Introduction By Dennis Whitcomb I. Conceptions of Social Epistemology Chapter 1. Alvin I. Goldman, "A Guide to Social Epistemology". Chapter 2. Paul Boghossian, "Epistemic Relativism Defended". Chapter 3. Miranda Fricker, "Rational Authority and Social Power: Towards a Truly Social Epistemology". II. Trust in Testimony and Experts Chapter 4. Jennifer Lackey, "Testimony: Acquiring Knowledge from Others" . Chapter 5. Sanford C. Goldberg, "If that Were True I Would Have Heard It By Now". Chapter 6. Alvin Goldman, "Experts: Which Ones Should You Trust?". III. Reasonable Peer Disagreement Chapter 7. Richard Feldman, "Reasonable Religious Disagreement". Chapter 8. Adam Elga, "Reflection and Disagreement". Chapter 9. Thomas Kelly, "Peer Disagreement and Higher Order Evidence" (selections). IV. Judgment Aggregation Chapter 10. Christian List, "Group Knowledge and Group Rationality". Chapter 11. Philip Pettit, "Groups with Minds of Their Own". V. Systems Design Chapter 12. Larry Laudan, "Thinking about Error in the Law". Chapter 13. Don Fallis, "Wikipistemology". Chapter 14. Cass R. Sunstein, "Deliberating Groups vs. Prediction Markets (or Hayek's Challenge to Habermas)". Chapter 15. Kevin J. S. Zollman, "The Communication Structure of Epistemic Communities".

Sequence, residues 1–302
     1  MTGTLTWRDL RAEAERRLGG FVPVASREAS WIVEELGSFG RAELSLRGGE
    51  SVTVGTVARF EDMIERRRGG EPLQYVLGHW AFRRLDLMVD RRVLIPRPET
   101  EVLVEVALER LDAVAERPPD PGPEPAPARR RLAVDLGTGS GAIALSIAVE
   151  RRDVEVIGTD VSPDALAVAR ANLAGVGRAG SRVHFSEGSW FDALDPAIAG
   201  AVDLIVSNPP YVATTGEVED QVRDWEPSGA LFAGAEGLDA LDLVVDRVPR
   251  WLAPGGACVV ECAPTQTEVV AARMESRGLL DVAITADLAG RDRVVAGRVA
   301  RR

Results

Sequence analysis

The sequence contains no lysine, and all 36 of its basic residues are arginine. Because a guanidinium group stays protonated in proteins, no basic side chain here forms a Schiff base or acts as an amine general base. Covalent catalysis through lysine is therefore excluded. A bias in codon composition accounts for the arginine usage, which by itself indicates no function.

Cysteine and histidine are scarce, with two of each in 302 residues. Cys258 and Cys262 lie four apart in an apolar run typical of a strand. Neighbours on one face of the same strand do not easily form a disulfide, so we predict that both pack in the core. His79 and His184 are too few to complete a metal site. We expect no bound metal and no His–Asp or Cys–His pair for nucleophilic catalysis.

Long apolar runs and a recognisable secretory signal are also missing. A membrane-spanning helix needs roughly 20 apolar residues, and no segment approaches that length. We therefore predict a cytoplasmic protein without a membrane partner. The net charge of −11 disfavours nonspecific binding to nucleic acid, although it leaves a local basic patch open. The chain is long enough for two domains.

Alvin Goldman is Board of Governors Professor, Department of Philosophy and Center for Cognitive Science, Rutgers University. Dennis Whitcomb is Assistant Professor of Philosophy, Western Washington University
"This is a collection of essays that offers comprehensive and detailed information on the basic problems and the concepts of social epistemology. A source of valuable knowledge and will not disappoint those who will study it carefully." --Metapsychology